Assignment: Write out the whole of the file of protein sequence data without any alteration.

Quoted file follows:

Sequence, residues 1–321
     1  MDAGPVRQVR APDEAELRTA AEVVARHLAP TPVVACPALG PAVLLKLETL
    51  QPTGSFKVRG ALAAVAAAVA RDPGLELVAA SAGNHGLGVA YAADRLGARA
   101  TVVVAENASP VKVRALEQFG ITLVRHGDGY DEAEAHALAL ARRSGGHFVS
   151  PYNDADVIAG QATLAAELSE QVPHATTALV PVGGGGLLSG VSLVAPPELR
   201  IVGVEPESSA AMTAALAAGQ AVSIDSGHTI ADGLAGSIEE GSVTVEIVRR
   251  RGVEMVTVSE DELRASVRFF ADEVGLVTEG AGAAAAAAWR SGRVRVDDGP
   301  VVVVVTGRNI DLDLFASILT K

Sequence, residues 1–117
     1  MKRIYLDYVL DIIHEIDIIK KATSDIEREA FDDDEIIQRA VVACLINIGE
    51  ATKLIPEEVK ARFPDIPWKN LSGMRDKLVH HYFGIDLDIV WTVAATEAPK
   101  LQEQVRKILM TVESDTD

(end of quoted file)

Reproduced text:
Sequence, residues 1–321
     1  MDAGPVRQVR APDEAELRTA AEVVARHLAP TPVVACPALG PAVLLKLETL
    51  QPTGSFKVRG ALAAVAAAVA RDPGLELVAA SAGNHGLGVA YAADRLGARA
   101  TVVVAENASP VKVRALEQFG ITLVRHGDGY DEAEAHALAL ARRSGGHFVS
   151  PYNDADVIAG QATLAAELSE QVPHATTALV PVGGGGLLSG VSLVAPPELR
   201  IVGVEPESSA AMTAALAAGQ AVSIDSGHTI ADGLAGSIEE GSVTVEIVRR
   251  RGVEMVTVSE DELRASVRFF ADEVGLVTEG AGAAAAAAWR SGRVRVDDGP
   301  VVVVVTGRNI DLDLFASILT K

Sequence, residues 1–117
     1  MKRIYLDYVL DIIHEIDIIK KATSDIEREA FDDDEIIQRA VVACLINIGE
    51  ATKLIPEEVK ARFPDIPWKN LSGMRDKLVH HYFGIDLDIV WTVAATEAPK
   101  LQEQVRKILM TVESDTD